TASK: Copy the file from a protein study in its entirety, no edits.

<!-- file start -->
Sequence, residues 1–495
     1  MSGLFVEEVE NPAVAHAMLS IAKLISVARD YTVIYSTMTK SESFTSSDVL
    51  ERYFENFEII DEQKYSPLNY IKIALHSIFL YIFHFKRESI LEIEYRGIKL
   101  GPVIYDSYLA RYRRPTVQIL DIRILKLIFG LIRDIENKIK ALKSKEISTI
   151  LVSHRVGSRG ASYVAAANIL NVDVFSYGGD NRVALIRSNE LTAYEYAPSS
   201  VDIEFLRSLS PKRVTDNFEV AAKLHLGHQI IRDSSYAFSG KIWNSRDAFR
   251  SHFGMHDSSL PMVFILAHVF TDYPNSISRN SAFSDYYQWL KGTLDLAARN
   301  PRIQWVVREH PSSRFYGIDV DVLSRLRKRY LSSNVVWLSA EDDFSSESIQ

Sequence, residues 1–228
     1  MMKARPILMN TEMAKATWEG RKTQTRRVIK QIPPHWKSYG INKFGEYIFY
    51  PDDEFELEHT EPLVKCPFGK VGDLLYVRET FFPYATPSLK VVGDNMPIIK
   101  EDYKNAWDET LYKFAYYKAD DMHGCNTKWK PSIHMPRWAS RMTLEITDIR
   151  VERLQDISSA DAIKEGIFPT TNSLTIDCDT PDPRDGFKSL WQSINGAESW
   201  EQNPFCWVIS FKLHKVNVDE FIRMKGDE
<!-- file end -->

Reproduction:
Sequence, residues 1–495
     1  MSGLFVEEVE NPAVAHAMLS IAKLISVARD YTVIYSTMTK SESFTSSDVL
    51  ERYFENFEII DEQKYSPLNY IKIALHSIFL YIFHFKRESI LEIEYRGIKL
   101  GPVIYDSYLA RYRRPTVQIL DIRILKLIFG LIRDIENKIK ALKSKEISTI
   151  LVSHRVGSRG ASYVAAANIL NVDVFSYGGD NRVALIRSNE LTAYEYAPSS
   201  VDIEFLRSLS PKRVTDNFEV AAKLHLGHQI IRDSSYAFSG KIWNSRDAFR
   251  SHFGMHDSSL PMVFILAHVF TDYPNSISRN SAFSDYYQWL KGTLDLAARN
   301  PRIQWVVREH PSSRFYGIDV DVLSRLRKRY LSSNVVWLSA EDDFSSESIQ

Sequence, residues 1–228
     1  MMKARPILMN TEMAKATWEG RKTQTRRVIK QIPPHWKSYG INKFGEYIFY
    51  PDDEFELEHT EPLVKCPFGK VGDLLYVRET FFPYATPSLK VVGDNMPIIK
   101  EDYKNAWDET LYKFAYYKAD DMHGCNTKWK PSIHMPRWAS RMTLEITDIR
   151  VERLQDISSA DAIKEGIFPT TNSLTIDCDT PDPRDGFKSL WQSINGAESW
   201  EQNPFCWVIS FKLHKVNVDE FIRMKGDE